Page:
Mold spores are extremely small and can already pose a health hazard, even if the actual mold infestation has left little or no visible trace. The World Health Organization (WHO) reports that people in damp and moldy rooms are at increased risk for allergies, asthma and other respiratory diseases. In addition, there is a different potential danger from the various types of mold: some fungi can colonize the lungs when the spores enter. The human body provides the right balance of moisture and heat necessary for growth. Although this danger exists primarily in people whose immune systems are severely compromised – in this case, however, mold can be exceedingly threatening.
To what extent is mold a threat to health?
There are several types of mold that are more or less harmful. However, some can produce mycotoxins – which are mold toxins that can cause serious poisoning. People with existing health problems, such as allergies, autoimmune diseases and cancer, as well as children and older adults, are especially at risk. Mycotoxins can accumulate in the body and become a further burden to the organism. Mold spores are always found in the air. Only when they encounter a suitable nutrient medium do the spores develop into a new fungus, which, however, initially grows just as invisibly as the spores. The concentration of mold spores in the air shapes the environment: the fungi can settle on food and be absorbed by the body through it as well as through the air we breathe.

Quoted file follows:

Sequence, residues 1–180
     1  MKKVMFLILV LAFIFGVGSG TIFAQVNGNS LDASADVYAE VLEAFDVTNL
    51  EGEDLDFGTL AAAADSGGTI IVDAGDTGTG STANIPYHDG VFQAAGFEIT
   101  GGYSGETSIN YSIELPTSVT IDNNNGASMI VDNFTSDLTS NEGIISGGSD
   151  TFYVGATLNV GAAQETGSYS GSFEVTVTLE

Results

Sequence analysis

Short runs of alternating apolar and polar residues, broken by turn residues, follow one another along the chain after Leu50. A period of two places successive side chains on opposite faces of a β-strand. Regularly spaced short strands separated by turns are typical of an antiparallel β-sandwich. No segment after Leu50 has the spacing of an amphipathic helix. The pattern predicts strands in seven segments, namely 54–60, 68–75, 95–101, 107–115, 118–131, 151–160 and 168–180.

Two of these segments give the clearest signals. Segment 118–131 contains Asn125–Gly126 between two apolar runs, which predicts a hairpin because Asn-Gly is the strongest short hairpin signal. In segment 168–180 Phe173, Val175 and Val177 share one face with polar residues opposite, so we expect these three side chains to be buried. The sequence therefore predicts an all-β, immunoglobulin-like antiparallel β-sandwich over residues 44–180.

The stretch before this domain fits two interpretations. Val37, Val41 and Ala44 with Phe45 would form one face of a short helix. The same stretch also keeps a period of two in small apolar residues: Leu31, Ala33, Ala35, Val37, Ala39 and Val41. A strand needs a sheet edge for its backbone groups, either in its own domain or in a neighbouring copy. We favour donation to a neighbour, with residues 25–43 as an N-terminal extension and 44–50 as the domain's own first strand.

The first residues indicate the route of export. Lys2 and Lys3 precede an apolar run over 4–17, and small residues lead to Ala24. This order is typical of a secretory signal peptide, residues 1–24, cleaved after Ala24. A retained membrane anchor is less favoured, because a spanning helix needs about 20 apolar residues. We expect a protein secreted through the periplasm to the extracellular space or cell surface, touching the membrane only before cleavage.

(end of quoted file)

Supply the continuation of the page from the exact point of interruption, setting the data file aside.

There is a lack of unified standards
It is well known that mold exposure to spores and their metabolites can pose a risk in many locations. However, there is no unified assessment of when a certain concentration of mold spores poses a health risk. Therefore, it is recommended to apply the precautionary principle in order to avoid adverse health effects even before illness occurs. Therefore, it makes sense to seek professional assistance as soon as more than half a square meter of the room has become infested with mold.